Former New Mexico governor Gary Johnson is in the news again today for showing off his profound ignorance on national television. But the more important story is why anyone cares about him at all.
Johnson is polling at near-double digits nationally, the highest such showing ever at this point for a Libertarian Party candidate. Johnson’s numbers are also sharply up from his showing when he was the LP presidential candidate in 2012. In that race, he was in the neighborhood of two percent in September, but in the end got 0.99 percent of the vote – still the most votes for a Libertarian presidential candidate in that party’s history.
This year, he’;s doing far better, as you’d expect with such a controversial and flawed Republican nominee. But that’s not the only reason Johnson is receiving record support. A mid-September New York Times poll had Johnson getting the support of a staggering 26 percent of young voters – the same voting block that overwhelmingly supported Bernie Sanders in hi Democratic Party primary campaign against Hillary Clinton. Rather than support Clinton now, many of them are turning to Johnson.
This is, in large part, a testimony to the weakness of Green Party candidate Jill Stein. Like Johnson, Stein was also her party’s presidential nominee in 2012. Unlike Johnson, Stein is doing the same or a little worse this year than in September 2012 polling. Given Sanders’ record-breaking performance for an explicitly socialist candidate who shares many of Stein’s positions, this is an inexplicably bad showing on her part. But having that support shift to Johnson is even more inexplicable.
Gary Johnson is a fairly standard-issue Libertarian on policy stances (though appallingly ignorant on some issues – more on that in a moment). He has largely built his campaign on gun fetishism and on pot legalization. The latter stance (which Stein also supports) seems to be a big reason for his support for millennials. And Johnson, like many Libertarians, is also good on civil liberties and on scaling back American militarism.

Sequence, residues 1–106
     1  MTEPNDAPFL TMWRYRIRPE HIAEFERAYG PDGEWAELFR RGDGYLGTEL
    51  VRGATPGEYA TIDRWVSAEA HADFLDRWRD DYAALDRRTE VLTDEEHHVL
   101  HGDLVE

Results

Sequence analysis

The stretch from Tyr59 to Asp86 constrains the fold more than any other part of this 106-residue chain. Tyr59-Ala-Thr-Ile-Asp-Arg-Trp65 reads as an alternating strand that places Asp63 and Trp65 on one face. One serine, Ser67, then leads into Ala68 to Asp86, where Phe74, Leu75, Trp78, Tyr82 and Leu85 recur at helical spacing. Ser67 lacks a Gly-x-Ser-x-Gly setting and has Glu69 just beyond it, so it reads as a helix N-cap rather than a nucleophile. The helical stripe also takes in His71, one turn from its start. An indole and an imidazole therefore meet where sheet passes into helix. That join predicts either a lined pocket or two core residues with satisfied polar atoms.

But Johnson isn’t the type of Libertarian largely motivated by social issues – he’s cut from the (now dominant in LP politics) Ayn Rand-worshipping of the party that emphasizes corporate freedom to do whatever and shredding what’s left of America’s social safety net.
Mother Jones’ Kevin Drum helpfully compiled a list recently of some of the Johnson policy stances that ought to be anathema to a Sanders supporter. Among them:
He supports TPP.
He supports fracking.
He opposes any federal policies that would make college more affordable or reduce student debt. In fact, he wants to abolish student loans entirely.
He thinks Citizens United is great.
He doesn’t want to raise the minimum wage. At all.
He favors a balanced-budget amendment and has previously suggested that he would slash federal spending 43 percent in order to balance the budget. This would require massive cuts to Social Security, Medicare, and social welfare programs of all kinds.
He opposes net neutrality.
He wants to increase the Social Security retirement age to 75 and he’s open to privatization.